molars, canines, mandibular incisors.
Molar torque is nearly impossible to achieve with
Placement of Sidewinder springs on all other teeth
in conjunction with rectangular wire,
automatically torques them.
For full torque expression, full size rectangular
wires, 0215 x 028 ” are used.
Studies using the Differential Straight
retraction: A comparison of two preadjusted
Lawrence P. Lotzof, Howard A. Fine, George J. Cisneros.
The purpose of this study was to compare the time
required to retract canine teeth by using two different
preadjusted bracket systems (Tip-Edge, TP Orthodontics,
LaPorte, Ind., versus A-Company straight wire, Johnson
and Johnson, San Diego, Calif.) in a human sample.
Anchorage loss as a result of this movement was also
patients required the removal of first
premolars in one or both arches as a part of their
Each subject received two different brackets
placed on opposite canine teeth within the same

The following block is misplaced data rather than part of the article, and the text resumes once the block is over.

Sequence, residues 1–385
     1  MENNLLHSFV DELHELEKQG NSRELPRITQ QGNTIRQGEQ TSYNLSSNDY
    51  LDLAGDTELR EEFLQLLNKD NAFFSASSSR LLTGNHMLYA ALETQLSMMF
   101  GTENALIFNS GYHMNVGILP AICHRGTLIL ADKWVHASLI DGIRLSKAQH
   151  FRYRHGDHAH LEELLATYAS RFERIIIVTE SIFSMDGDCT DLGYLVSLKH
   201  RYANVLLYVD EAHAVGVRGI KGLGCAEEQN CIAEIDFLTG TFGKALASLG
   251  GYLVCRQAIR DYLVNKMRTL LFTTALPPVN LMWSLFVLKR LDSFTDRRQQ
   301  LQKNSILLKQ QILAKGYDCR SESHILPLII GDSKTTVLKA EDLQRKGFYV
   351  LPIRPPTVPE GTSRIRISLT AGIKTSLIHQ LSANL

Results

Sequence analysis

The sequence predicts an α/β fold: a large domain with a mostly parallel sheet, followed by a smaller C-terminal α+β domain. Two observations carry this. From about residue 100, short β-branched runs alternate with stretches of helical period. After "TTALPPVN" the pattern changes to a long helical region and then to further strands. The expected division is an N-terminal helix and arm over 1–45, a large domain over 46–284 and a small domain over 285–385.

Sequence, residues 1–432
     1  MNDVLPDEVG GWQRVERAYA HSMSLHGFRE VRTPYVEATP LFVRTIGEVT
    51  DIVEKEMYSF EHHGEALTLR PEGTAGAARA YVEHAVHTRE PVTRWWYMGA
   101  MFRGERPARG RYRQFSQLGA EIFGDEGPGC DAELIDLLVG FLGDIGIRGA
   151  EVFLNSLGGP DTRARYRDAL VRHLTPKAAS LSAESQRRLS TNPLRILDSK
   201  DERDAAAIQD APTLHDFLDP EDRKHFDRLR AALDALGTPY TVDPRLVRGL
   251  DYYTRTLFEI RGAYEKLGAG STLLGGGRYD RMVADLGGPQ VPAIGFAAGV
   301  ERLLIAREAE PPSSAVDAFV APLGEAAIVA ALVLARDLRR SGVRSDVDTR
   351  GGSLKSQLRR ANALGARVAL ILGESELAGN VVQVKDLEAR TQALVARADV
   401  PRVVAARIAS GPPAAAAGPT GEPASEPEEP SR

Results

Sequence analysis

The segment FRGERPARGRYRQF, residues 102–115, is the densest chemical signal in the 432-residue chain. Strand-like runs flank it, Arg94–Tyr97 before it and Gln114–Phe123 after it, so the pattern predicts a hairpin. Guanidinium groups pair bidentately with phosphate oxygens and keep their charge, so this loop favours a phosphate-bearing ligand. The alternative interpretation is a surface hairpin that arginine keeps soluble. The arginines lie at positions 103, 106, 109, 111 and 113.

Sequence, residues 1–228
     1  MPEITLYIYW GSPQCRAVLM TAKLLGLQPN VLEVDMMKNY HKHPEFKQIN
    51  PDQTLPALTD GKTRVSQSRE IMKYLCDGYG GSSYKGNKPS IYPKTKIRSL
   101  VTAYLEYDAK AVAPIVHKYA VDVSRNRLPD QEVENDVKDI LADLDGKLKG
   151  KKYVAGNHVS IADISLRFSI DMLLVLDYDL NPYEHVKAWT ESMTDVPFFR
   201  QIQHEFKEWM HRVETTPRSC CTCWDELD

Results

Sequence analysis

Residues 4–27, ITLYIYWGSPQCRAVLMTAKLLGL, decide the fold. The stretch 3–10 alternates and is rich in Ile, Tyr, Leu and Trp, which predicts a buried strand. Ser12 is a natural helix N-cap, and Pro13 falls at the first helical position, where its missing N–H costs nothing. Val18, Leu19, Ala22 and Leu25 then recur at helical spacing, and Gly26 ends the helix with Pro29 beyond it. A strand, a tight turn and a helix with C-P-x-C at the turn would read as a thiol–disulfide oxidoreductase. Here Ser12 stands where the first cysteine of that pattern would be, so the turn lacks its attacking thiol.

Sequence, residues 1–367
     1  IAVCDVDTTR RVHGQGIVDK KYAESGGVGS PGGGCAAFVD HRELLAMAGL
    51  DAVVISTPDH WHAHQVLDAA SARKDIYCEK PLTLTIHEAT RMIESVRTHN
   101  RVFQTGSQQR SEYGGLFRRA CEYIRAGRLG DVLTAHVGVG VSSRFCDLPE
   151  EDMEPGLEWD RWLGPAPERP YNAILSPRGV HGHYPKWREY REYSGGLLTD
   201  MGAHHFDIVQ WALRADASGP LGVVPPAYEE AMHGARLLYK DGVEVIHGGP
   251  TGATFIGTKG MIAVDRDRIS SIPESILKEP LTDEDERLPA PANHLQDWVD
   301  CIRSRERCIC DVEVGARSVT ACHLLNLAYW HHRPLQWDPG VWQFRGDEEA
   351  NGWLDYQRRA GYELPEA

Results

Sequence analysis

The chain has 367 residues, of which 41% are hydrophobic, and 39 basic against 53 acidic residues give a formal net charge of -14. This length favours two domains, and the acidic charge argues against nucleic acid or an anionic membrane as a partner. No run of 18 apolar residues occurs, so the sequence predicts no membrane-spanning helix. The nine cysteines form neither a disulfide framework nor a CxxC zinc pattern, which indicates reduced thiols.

There was no statistically significant difference in
the rates of canine retraction.
The mean anchorage loss was 1.71 mm for the
Tip-Edge bracket, and 2.33 mm for the straight
E. Shelton, Jr., DDS, George J. Cisneros,
Stanley E. Nelson and Paul Watkins. ( AJO DO
1994) compared the treatment time in Class I non
extraction cases between 28 cases treated with the
Begg technique and 25 cases with the Tip-Edge
The average treatment time for the Tip-Edge
group was 12.80 months versus 20.89 months for
the Begg group.
The Tip-Edge appliance may thus reduce
treatment time in Class I nonextraction therapy
Employing Tip-Edge brackets on canines to simplify
straight-wire mechanics.R.T.Rocke AJO-DO 1994